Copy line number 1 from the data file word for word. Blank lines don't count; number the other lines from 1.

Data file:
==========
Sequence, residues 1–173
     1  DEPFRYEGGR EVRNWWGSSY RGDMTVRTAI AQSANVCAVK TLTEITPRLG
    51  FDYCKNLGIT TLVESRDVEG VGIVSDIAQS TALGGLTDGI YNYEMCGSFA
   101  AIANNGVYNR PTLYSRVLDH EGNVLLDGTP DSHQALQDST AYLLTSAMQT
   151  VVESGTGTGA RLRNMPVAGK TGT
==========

Sequence, residues 1–173